War resister Kimberly Rivera struggles with privacy and proper care for her family
By Bob Meola and Michael McKee, Courage to Resist. March 10, 2014
It was her maternal instincts that first landed Kimberly Rivera at odds with her role serving in Iraq. Six years later, the army used her most basic human right as an expecting mother to make an example of other soldiers who might fall out of line.
After returning to the United States after five years in Canadian exile with her family (husband Mario and four children), Kimberly, then pregnant with their fifth, was arrested and sentenced to 10 months in brig. Despite public pressure for leniency and Amnesty International recognizing her as a prisoner of conscience, Kimberly was denied even a meager 45-day early release to give birth and bond with her new son outside of prison.
In a campaign reminiscent of Vietnam War days, military veterans and family members will travel to ten west coast cities promoting GI outreach centers in Texas, Washington state, and Germany. The GI Coffeehouse Tour will begin in San Diego on Thursday, February 13 and end in Seattle on Saturday, March 1. Visit gicoffeehousetour.org for tour dates, locations, and times.
Local communities will welcome the GI Coffeehouse Tour with special events featuring poets, artists and musicians. Participants at tour stops will learn about GI coffeehouse history, find out what current-day coffeehouses do to support the troops, and join in conversations about the current state of the military and what that means for service members and their families.
The GI Coffeehouse Tour will feature the work of Under The Hood Cafe and Outreach Center near Fort Hood in Killeen, Texas, Coffee Strong near Joint Base Lewis-McChord in Lakewood, Washington, and The Clearing Barrel GI Bar and Coffeehouse in Kaiserslautern, Germany, the center for U.S. military installations in Europe.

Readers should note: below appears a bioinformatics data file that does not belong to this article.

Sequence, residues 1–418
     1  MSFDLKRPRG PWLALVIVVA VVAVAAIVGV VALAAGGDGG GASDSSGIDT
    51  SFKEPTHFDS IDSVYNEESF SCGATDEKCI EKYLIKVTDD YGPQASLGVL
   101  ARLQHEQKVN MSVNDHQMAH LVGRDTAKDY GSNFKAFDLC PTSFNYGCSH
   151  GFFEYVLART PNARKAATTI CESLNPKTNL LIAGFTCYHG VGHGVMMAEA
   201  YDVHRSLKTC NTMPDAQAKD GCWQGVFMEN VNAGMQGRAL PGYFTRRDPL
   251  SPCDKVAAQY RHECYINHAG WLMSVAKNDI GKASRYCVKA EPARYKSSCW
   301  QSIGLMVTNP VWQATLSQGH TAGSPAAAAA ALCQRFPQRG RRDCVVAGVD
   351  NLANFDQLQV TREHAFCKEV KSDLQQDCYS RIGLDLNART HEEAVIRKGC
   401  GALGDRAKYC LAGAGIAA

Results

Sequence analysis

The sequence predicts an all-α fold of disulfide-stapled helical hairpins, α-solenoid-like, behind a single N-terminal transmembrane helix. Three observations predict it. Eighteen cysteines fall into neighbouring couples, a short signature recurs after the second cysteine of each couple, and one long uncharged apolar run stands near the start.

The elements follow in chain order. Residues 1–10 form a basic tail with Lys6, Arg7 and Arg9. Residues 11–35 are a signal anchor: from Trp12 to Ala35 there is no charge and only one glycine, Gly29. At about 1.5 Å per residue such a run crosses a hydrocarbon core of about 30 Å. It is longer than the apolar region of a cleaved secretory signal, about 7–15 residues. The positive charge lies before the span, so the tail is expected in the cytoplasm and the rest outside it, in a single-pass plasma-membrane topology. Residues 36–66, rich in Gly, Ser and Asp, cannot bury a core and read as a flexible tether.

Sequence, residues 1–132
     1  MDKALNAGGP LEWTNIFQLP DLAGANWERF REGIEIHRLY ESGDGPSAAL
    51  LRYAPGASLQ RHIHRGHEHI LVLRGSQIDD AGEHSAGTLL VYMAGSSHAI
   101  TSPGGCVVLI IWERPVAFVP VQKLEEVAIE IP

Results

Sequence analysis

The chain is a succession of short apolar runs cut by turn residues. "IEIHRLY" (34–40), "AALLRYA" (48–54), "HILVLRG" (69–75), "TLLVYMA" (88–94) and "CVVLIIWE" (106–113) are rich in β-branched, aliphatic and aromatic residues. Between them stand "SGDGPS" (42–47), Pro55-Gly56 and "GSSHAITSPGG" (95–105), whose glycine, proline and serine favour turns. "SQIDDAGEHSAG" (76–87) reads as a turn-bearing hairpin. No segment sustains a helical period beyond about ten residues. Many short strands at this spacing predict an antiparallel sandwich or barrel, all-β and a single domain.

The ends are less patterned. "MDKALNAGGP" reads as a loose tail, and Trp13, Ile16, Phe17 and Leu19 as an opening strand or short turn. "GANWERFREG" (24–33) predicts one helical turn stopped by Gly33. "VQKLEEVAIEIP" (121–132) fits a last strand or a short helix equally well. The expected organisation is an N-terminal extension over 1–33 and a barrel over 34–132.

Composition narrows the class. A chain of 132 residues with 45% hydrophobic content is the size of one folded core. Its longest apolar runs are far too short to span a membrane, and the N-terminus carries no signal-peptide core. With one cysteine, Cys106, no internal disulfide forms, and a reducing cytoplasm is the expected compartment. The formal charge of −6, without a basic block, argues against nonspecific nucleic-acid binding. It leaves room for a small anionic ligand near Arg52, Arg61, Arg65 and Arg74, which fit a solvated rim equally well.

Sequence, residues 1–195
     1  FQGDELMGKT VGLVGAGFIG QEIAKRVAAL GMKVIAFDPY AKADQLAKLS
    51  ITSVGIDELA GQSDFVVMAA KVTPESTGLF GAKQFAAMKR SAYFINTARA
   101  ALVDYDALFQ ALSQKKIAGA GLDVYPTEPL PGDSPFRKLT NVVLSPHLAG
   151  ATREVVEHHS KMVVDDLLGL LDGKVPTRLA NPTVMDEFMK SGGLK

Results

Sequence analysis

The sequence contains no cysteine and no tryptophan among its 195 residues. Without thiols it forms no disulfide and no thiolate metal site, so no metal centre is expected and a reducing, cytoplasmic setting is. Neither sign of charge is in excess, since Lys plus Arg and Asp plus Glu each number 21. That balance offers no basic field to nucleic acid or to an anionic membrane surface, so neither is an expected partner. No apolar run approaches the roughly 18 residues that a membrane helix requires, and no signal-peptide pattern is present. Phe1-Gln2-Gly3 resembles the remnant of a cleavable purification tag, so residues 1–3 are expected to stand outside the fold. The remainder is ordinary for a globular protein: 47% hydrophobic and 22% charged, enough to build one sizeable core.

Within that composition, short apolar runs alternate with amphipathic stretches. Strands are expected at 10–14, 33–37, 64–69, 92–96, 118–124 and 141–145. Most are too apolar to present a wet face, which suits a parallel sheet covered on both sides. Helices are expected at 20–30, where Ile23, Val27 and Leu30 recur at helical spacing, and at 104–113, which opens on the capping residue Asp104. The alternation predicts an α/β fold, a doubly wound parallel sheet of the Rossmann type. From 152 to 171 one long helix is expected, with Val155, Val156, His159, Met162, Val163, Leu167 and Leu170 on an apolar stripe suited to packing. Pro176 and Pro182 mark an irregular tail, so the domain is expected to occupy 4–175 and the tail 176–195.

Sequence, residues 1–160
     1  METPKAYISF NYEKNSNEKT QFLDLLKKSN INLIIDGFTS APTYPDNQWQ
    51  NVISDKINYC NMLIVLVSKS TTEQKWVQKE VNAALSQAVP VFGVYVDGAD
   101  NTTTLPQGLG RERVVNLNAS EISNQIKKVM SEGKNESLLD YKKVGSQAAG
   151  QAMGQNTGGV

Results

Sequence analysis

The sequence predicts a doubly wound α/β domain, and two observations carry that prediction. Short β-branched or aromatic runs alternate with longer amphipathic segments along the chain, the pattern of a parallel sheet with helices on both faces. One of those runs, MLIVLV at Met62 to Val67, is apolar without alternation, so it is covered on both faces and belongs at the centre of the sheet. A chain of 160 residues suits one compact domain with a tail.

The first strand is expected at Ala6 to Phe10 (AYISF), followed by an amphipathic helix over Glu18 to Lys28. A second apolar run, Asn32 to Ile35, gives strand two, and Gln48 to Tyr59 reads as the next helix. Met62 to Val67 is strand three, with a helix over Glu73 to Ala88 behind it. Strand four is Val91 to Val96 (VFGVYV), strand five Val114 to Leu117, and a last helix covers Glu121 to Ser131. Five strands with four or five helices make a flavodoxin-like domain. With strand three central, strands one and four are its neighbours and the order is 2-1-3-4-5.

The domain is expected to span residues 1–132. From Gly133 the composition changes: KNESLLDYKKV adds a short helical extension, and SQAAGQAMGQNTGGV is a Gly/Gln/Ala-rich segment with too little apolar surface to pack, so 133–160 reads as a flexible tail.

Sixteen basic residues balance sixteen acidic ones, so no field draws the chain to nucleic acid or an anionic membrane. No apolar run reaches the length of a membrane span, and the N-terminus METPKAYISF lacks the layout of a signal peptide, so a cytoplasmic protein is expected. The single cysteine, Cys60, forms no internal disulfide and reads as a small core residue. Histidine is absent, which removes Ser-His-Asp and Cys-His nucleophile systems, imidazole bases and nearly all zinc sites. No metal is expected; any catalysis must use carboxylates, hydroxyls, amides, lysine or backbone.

The tour will raise much needed funds for the three GI outreach centers, which provide counseling on military discharges, veterans benefits and conscientious objection to war, as well as safe spaces for soldiers to share their experiences and begin healing the psychological wounds of war.
Campaign to raise $7,500 for Sara's legal assistance underway!
By Sara Beining. February 4, 2014
After deploying to Iraq in 2006 and spending a year as an analyst in Baghdad, my (now EX) husband and I went AWOL, suffering from PTSD. My ex-husband received an other than honorable discharge after he was apprehended in 2010. I am now facing charges and General Court Martial - the highest level of court martial and the harshest penalties received for going AWOL. I am a mother, a college student, and a organic gardener. I need help raising money for my lawyer to fly in for the pre-trial hearing as well as the trial, as well as funds for purchasing the "dress blues" - Army service uniform - for trial.
Let's come together as a community to meet Sara's modest needs at this important time. Stay tuned for additional actions that you might take to support Sara and her child. Recently she shared on her public IVAW profile page:
I enlisted in the Army at 17, I think, as part of the D.E.P. I spent a year messing around, getting in trouble, and realizing that I was not making good decisions before I decided to go through with heading on to Basic Training and then AIT to become an intelligence analyst (96B).
Video of a presentation by attorney David Coombs, Seattle, Washington on December 11, 2013. Transcript of presentation by Mr. Coombs, Oakland, California on December 9, 2013 below.
By Courage to Resist. December 13, 2013
Yesterday, Iraq War resister Kimberly Rivera stepped out of the Miramar military confinement facility in San Diego, California, to the embrace of her husband Mario and their newborn son Matthew. "Kim is officially released and here with me. God bless all of you for your help and support. Love you all," exclaimed Mario last night. Courage to Resist, Amnesty International, and tens of thousands of individuals worldwide unsuccessfully appealed to Fort Carson Senior Commander Brig. Gen. Michael Bills last month to use his clemency authority to grant Kim an early release. Shortening her sentence by only a couple of weeks would have allowed Kim to have her baby in a civilian hospital, and not be separated from her newborn. Kimberly served a ten month military prison sentence for having taken her family to Canada in order to refuse redeployment to Iraq in the early days of the illegal and immoral invasion. The Rivera Family now faces significant fiscal challenges getting their lives back on track.